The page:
James Jones had the problem that every college student wants: too many paid gigs.
While studying engineering and economics at the University of Notre Dame, he DJed three to four parties each weekend and picked up opening slots for big-name acts like Big Sean. But he started stretching himself too thin, so he built a program that mixed music and took requests. He offered it to customers at a discounted price.
"I played it at a club that I was supposed to be DJing at and I walked around and asked people, 'Hey, what do you think of the DJ?' and they were like, 'He's good,'" Jones said. "I was like, OK, this works."
After moving to Minneapolis to work as a data analyst for Target, he DJed as a side job and met fellow table turner John Boss, who eventually joined his quest to make the program an app. In January, the duo started testing it out at events. Earlier this month, they made a limited version of the app, dubbed Spark DJ, available in Apple's App Store.
After gaining support from investors, Jones and Boss ditched their day jobs so they could drop the beat. With proper licensing, the two add songs to the app's library daily, scrutinizing each one to fit it into algorithms meant to simulate what a live DJ would do.
Once users download the app for free, they pay $5 to $10 each time they use it for a party. Event hosts can give the app guidelines by selecting artists, songs or genres they like, and the app curates a personalized mix. Users can also pick themes to fit specific atmospheres, such as barbecues or children's parties.
Like a live DJ, the app adjusts its mix based on the crowd's requests. Partygoers can download the app for free and "join" the host's party, which lets them request songs. In addition, attendees can "thumbs up" or down each other's requests, preventing the app from playing songs similar to unpopular ones.
Mark McGuire, a veteran entrepreneur who mentors the team among other startups, said the app provided a background mix fit for cocktails and chatting before an event for his startup accelerator, Gener8tor.
"It's really simple to set up, and the transitions between songs were super cool. It felt like there was a real DJ there," McGuire said.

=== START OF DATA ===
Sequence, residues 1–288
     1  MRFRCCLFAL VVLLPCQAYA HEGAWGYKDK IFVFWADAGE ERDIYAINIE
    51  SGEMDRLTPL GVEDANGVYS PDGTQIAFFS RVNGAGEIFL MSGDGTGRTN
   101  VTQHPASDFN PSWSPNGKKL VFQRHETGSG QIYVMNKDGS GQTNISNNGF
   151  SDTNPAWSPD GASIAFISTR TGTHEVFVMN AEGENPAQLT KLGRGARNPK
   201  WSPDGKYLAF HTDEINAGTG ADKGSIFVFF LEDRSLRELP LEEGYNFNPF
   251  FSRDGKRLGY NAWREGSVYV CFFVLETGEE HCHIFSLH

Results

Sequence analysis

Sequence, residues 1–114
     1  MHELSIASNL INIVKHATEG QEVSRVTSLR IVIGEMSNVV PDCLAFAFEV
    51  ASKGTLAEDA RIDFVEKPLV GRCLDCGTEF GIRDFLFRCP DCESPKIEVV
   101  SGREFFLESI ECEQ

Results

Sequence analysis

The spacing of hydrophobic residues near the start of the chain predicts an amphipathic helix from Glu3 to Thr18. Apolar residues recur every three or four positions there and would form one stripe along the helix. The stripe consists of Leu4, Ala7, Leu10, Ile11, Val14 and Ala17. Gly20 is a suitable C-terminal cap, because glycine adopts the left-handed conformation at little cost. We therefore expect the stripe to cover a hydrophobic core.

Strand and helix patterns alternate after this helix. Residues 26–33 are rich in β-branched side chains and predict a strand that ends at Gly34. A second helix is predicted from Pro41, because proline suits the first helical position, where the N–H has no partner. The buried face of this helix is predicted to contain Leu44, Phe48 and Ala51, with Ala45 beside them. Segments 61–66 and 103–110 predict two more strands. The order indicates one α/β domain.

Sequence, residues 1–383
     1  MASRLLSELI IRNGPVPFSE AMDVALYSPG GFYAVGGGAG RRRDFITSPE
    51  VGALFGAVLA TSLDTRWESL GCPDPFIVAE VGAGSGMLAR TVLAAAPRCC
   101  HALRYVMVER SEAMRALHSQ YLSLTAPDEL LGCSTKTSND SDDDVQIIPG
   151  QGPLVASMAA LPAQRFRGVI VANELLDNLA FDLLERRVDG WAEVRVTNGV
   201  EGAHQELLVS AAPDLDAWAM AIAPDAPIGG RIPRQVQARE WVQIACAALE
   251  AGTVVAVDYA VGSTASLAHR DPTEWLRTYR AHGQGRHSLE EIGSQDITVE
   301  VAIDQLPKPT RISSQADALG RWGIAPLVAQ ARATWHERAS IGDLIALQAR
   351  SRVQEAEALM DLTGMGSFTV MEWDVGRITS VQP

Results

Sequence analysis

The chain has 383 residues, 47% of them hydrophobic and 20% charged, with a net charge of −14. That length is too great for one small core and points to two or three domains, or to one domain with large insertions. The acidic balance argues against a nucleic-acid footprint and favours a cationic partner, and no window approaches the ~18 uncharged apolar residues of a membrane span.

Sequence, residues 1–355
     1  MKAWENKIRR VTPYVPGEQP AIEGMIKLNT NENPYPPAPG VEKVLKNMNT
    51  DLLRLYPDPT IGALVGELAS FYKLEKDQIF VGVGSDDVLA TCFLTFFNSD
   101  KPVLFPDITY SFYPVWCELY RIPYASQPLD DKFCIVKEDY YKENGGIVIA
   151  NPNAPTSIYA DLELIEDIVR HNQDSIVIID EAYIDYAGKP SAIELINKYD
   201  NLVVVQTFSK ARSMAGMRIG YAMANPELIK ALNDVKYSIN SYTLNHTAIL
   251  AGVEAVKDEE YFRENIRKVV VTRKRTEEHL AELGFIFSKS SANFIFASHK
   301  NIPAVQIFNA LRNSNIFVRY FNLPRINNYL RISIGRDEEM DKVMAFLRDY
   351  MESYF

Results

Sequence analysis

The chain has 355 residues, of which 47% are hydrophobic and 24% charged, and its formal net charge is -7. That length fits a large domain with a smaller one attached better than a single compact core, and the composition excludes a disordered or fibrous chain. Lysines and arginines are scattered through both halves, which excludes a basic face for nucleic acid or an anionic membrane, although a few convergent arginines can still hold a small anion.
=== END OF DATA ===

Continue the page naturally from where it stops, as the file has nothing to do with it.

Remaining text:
The two also have a solid growth strategy, McGuire said. By inviting attendees to request songs, they ensure more downloads and potential customers.
"It has an inherent viral nature to it," McGuire said.
Dave Mao, managing partner of venture capital firm Come Up Capital, said the app made an impression at the 2016 Minnesota Cup, where it placed as a semifinalist.
"This was really, very different from the experience you'd get at home, or if you were throwing a house party or a party in your dorm room, because you would not get that quality of music experience," said Mao, who judged the competition.
Intrigued by the app and impressed with the duo's work ethic, Mao offered the team a space in Come Up Capital's office and became an investor.
Among other startup obstacles like marketing and finding capital, the app's biggest challenge will be living up to its goal of simulating a real DJ, Mao said.
"It's an aesthetic challenge. ... The DJ isn't sitting there just cutting from one track to another. That's what a bad DJ probably does. But a good one makes really smart choices about when they make the cut," he said. "To get to even 90 percent of the quality of a live DJ, that is the challenge."
While Mao considers streaming services like Pandora or Spotify as the app's main competitors, Jones and Boss say they are up against live DJs.
Through collected data and artificial intelligence, the app accounts for song aspects like tempo and key to create seamless transitions, Jones said.
"We look at songs in the way a DJ would ... instead of a sit-down session with Spotify or iTunes," Boss said. "What parts of the song make people excited? Is it the chorus, the intro, a minute of the song or seven minutes of the song? All those dynamics we constantly are looking at from a DJ angle."
The app's live music vibe keeps it from getting lost in a sea of similar music streaming services, Jones said.
"We're not meant to be listened to in your headphones. We're meant to be hooked up to speakers and get the party going," he said.
The app's ability to transition between songs and its low cost give it a competitive edge against live DJs, Jones and Boss said. Still, the avid DJs say their app isn't meant to completely replace the profession.
"For the people who are out there and really approaching DJing as an art form, being unique about their craft, Spark DJ isn't going to beat those guys," Jones said.
Instead, the duo aims to attract customers who can't afford to pay a live DJ.
"What we're trying to do is fill a void that actually exists. We're not undercutting or doing anything to DJs," Boss said.
Because the app is meant to accompany parties, Jones and Boss are targeting college students as a customer base.
"Not only is it easier for (students) to understand the app and the concept, college students also love good music," Boss said. "And the market size is huge."
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